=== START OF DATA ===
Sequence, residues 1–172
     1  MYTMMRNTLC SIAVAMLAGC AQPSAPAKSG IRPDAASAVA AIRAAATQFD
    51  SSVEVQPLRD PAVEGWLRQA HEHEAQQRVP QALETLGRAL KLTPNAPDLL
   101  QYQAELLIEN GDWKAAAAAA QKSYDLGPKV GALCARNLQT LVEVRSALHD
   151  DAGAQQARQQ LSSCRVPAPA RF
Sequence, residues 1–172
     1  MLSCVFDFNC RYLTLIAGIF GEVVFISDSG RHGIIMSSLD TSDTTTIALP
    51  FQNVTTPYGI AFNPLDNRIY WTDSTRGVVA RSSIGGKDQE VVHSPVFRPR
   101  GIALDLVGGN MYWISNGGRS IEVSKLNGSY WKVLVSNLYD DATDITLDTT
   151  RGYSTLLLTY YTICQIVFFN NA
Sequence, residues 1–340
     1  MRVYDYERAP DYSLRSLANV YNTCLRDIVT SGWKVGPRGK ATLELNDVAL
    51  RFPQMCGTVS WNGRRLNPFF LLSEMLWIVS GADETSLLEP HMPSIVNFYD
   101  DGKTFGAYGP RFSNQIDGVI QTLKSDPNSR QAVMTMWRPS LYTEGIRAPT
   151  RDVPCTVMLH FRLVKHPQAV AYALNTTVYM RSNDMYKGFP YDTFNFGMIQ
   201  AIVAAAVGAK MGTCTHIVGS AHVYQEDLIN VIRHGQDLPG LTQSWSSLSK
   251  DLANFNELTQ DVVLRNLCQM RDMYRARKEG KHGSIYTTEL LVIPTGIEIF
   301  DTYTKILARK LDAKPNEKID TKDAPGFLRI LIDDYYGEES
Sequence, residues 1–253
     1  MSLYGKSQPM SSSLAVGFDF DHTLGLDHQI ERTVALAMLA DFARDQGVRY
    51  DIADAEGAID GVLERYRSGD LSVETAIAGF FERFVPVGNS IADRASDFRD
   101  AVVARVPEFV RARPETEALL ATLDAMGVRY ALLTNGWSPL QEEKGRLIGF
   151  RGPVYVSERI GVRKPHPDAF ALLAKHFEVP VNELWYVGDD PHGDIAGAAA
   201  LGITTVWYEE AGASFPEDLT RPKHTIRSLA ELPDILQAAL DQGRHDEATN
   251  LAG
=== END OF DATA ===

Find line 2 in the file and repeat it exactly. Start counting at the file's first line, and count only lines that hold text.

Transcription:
     1  MYTMMRNTLC SIAVAMLAGC AQPSAPAKSG IRPDAASAVA AIRAAATQFD